A team of French scientists probing the death of Palestinian leader Yasser Arafat in 2004 do not believe he was poisoned, according to leaks from their report.
They have reportedly concluded he died after a “generalised infection”.
A previous report by Swiss scientists said tests on his body showed “unexpected high activity” of polonium.
This “moderately” supported the theory, long believed by many Palestinians, that he was poisoned, the report said.
Arafat’s widow, Suha Arafat, told reporters in Paris she was “upset by these contradictions by the best European experts on the matter.”
Arafat, who led the Palestine Liberation Organisation (PLO) for 35 years and became the first president of the Palestinian Authority in 1996, fell violently ill in October 2004 at his compound.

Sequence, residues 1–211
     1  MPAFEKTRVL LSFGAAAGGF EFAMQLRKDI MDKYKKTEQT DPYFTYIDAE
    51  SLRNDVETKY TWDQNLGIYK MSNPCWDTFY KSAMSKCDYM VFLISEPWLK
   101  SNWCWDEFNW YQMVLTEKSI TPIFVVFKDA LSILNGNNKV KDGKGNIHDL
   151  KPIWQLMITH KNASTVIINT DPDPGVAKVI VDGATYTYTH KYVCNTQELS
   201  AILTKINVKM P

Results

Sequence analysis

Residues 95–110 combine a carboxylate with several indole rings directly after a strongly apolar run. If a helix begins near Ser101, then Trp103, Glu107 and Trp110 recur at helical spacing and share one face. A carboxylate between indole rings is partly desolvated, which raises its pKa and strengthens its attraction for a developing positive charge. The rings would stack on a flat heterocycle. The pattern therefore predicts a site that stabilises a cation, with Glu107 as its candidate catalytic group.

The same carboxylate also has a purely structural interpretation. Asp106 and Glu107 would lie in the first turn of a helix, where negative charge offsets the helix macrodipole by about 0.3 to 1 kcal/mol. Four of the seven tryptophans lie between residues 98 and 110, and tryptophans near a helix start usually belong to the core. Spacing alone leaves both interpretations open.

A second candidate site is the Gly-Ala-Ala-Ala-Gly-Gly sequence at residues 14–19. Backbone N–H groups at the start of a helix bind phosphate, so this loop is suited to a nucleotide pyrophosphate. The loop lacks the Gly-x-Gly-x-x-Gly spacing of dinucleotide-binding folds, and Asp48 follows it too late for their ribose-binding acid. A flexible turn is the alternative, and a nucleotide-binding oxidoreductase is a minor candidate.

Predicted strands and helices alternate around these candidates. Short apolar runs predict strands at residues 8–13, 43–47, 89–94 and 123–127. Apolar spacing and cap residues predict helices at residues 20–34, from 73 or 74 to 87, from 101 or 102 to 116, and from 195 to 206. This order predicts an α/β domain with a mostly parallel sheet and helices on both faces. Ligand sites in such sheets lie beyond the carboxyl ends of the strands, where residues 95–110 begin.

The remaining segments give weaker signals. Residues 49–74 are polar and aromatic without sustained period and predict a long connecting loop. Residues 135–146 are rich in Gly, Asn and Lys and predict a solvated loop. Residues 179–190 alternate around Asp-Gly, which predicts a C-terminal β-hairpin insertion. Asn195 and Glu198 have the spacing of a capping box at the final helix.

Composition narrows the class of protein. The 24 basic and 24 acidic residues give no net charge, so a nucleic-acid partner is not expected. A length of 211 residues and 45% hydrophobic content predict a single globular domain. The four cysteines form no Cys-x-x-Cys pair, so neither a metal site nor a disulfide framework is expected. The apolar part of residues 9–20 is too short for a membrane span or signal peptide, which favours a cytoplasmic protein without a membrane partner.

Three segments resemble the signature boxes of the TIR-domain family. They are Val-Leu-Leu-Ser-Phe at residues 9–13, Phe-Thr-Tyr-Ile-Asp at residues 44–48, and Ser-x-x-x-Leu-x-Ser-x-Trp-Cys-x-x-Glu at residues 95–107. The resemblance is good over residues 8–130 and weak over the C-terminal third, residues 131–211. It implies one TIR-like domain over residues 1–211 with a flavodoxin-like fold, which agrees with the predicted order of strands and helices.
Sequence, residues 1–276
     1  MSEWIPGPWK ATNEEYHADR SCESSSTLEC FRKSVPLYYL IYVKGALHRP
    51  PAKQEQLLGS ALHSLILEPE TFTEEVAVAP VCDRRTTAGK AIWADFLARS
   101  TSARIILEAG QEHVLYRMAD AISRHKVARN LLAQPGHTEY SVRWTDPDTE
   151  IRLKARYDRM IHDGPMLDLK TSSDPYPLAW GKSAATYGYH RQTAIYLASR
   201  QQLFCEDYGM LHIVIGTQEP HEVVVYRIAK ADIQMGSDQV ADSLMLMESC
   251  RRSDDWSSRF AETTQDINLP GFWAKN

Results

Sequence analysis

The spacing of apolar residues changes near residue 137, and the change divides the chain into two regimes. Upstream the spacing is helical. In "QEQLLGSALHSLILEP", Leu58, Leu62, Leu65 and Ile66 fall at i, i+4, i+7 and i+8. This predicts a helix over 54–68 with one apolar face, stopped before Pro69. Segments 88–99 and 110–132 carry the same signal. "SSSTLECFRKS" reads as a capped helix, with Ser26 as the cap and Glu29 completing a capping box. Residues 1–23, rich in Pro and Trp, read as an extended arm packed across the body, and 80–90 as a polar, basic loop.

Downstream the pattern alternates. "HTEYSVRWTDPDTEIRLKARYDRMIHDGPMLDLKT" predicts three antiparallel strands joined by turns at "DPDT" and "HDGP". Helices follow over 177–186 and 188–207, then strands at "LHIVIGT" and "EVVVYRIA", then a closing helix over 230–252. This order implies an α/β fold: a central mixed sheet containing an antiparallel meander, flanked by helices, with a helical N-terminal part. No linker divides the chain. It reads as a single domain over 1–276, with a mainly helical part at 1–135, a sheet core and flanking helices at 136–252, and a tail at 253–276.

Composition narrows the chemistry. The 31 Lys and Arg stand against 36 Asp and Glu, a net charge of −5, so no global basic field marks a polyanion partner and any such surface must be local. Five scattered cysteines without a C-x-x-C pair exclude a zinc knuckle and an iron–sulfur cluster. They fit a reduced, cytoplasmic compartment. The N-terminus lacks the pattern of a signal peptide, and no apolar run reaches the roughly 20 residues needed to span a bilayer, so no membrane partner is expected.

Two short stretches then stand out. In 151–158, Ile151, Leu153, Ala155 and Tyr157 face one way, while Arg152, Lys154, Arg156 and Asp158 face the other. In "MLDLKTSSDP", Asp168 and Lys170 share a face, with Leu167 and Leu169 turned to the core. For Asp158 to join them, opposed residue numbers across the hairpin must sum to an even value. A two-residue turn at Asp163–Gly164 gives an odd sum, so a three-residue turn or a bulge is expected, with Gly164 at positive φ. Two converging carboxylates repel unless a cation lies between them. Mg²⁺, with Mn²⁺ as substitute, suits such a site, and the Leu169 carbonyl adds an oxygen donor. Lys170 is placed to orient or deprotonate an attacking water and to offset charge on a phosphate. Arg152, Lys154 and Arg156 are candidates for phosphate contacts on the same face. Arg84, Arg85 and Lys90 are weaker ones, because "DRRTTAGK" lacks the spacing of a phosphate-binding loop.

Two weeks later he was flown to a French military hospital in Paris, where he died on 11 November 2004, aged 75.
Mr Arafat’s official medical records say he died from a stroke resulting from a blood disorder. French doctors were not able at the time to determine what had caused the disorder.
His body was exhumed for testing last year amid continuing claims he was murdered. Many Palestinians have accused Israel of being behind his death, something which Israel has always denied.
The latest reported findings were “not a surprise”, Israeli foreign ministry spokesman Yigal Palmor said.
Tawfiq Tirawi, head of the Palestinian Authority’s inquiry into the death, told AFP: “We need to study the report. We can’t take a position on it until we’ve looked at it.”